The DMK has hit out at the Centre’s decision to promote the use of Hindi in routine conversations in government offices and in the North East and in South India to make the language popular. Calling it an “imposition”, DMK spokesperson A. Saravanan said, “Language is a very sensitive subject. People’s sentiments should not be hurt.”
Saravanan said that the BJP government was giving undue importance to Hindi and Sanskrit since it came to power and the Centre’s move went against the federal structure of the country. “There is no reason to promote Hindi and Sanskrit. This will derail the growth trajectory of the country. The BJP should concentrate on basic issues of the people which remains unresolved,” said the DMK spokesperson.
According to a press release issued by the Personnel Ministry, the decision was taken at a Hindi Advisory Committee meeting chaired by
Union Minister Jitendra Singh, who stressed the importance of promoting the use of Hindi in regions like the North East and South India where it is not commonly used. Singh said the approach should not be to impose Hindi but to inspire to voluntarily adopt the language for larger interest of administration and ease of governance. The Union Minister also said that Hindi has the capacity to serve not only as a common medium of communication for the whole country, but would help youngsters who aspire for jobs in the corporate sector.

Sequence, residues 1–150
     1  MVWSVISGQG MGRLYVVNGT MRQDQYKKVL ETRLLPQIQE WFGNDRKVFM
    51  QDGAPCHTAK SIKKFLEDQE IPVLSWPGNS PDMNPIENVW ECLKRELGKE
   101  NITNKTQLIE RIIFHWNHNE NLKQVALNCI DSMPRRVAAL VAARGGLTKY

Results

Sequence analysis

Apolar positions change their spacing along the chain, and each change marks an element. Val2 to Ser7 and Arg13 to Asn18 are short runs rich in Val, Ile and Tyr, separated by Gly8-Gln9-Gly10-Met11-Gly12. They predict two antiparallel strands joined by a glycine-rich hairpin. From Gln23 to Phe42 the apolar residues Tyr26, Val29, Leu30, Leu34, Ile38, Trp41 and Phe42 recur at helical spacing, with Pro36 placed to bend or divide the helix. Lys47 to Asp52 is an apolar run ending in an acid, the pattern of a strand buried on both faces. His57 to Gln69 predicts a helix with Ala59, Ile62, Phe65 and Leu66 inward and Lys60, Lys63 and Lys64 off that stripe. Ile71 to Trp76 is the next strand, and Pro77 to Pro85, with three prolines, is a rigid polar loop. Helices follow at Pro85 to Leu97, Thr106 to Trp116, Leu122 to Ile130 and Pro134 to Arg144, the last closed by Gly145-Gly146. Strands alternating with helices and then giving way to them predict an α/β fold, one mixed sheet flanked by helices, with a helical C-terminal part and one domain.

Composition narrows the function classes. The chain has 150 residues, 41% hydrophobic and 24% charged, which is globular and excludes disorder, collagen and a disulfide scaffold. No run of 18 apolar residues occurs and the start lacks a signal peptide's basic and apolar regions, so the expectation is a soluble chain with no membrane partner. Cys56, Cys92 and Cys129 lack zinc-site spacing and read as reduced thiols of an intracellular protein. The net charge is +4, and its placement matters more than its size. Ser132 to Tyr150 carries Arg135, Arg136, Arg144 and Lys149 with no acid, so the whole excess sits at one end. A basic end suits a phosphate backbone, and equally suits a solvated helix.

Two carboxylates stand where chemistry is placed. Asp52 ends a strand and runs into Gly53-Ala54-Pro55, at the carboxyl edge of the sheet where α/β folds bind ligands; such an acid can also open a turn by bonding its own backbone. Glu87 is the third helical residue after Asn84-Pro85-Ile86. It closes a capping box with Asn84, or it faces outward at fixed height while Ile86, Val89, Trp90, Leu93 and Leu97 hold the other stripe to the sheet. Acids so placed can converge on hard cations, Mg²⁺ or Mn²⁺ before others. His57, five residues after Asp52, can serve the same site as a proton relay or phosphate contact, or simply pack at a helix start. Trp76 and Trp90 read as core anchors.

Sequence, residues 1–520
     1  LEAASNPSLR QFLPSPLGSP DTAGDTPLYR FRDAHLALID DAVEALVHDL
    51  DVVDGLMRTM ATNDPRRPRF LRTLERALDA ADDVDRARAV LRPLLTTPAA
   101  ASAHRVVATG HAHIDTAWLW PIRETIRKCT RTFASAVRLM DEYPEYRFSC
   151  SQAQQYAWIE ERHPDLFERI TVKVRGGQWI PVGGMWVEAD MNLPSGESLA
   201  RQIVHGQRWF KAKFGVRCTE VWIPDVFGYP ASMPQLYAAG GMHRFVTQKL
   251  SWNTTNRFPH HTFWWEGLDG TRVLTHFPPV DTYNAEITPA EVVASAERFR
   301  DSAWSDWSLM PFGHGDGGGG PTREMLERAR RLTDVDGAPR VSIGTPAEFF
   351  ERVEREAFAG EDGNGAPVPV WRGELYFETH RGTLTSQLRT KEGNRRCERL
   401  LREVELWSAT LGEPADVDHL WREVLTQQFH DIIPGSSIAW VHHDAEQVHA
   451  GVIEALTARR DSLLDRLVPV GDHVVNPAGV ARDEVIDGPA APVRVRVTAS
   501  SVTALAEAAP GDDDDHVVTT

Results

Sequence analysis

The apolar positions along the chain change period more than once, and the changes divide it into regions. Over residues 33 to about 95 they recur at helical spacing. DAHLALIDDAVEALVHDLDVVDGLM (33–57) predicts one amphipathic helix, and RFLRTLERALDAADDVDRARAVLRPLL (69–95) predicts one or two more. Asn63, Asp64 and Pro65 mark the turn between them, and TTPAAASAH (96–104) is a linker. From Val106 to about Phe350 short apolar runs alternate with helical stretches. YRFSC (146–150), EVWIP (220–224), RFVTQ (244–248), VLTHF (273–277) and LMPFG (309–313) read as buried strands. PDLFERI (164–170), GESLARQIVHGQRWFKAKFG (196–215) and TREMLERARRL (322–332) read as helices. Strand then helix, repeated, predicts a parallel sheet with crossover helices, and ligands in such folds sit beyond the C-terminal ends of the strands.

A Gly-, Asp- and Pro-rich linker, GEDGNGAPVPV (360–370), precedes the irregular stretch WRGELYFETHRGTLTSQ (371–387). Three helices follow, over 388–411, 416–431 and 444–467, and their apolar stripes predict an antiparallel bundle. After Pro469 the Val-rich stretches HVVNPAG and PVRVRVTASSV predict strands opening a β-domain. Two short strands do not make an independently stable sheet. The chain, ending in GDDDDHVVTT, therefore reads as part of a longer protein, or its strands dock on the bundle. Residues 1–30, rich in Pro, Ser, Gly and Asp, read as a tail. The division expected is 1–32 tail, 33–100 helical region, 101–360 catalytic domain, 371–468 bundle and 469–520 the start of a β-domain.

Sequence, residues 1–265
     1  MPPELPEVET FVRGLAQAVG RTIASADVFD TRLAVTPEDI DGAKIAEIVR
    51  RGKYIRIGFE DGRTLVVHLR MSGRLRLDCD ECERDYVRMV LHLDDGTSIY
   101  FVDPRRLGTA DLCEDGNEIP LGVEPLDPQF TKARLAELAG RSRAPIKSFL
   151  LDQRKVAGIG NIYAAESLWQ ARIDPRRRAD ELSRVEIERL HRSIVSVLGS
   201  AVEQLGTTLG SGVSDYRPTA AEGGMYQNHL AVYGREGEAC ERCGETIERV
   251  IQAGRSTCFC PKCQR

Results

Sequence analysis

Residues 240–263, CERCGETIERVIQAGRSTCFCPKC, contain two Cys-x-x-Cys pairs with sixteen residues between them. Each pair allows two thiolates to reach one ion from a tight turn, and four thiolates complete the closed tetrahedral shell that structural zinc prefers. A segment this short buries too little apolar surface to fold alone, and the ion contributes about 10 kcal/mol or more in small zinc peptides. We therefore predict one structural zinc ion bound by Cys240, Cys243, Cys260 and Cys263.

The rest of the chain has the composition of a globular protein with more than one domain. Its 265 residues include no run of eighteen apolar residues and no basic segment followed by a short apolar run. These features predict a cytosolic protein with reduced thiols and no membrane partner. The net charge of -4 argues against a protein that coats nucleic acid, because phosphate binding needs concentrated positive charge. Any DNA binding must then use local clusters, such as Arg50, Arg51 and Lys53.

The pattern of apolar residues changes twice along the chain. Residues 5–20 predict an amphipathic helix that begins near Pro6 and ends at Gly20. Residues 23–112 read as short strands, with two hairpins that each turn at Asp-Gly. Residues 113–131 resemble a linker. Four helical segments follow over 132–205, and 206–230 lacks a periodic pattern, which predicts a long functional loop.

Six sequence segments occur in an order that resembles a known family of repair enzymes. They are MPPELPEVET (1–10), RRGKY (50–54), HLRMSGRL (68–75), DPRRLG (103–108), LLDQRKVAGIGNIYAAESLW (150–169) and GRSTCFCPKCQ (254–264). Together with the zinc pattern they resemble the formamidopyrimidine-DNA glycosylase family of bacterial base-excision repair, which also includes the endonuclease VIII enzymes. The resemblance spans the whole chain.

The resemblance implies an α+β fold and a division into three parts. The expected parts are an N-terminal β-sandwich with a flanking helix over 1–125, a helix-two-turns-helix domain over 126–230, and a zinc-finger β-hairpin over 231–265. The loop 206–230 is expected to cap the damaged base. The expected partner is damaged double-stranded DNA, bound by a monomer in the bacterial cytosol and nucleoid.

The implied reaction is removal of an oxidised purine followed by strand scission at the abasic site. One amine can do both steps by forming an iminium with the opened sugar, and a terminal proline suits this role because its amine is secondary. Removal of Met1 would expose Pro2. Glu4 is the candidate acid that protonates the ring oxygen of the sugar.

Former bureaucrat and Hindi poet Ashok Vajpeyi told Telegraph that although he welcomed the promotion of colloquial Hindi, he feared that it would create undue antipathy towards the language. “Anything that sounds innocent and innocuous has to be viewed with doubt as nothing they do promotes plurality...What the minister said has nothing to do with Hindi per se. Hindi is being used to bring about an assault on plurality and I hope other linguistic groups see through this," said Vajpeyi to Telegraph.
Tamil Nadu witnessed anti-Hindi agitations in the 1960s after the Congress government headed by Jawaharlal Nehru attempted to make Hindi the sole official language. While Hindi and English continue to be India’s official language, DMK’s Trichy Siva had in 2013 moved a private members bill in the Rajya Sabha demanding that all regional languages including Tamil be used at the Centre for official purposes.
(With inputs from PTI)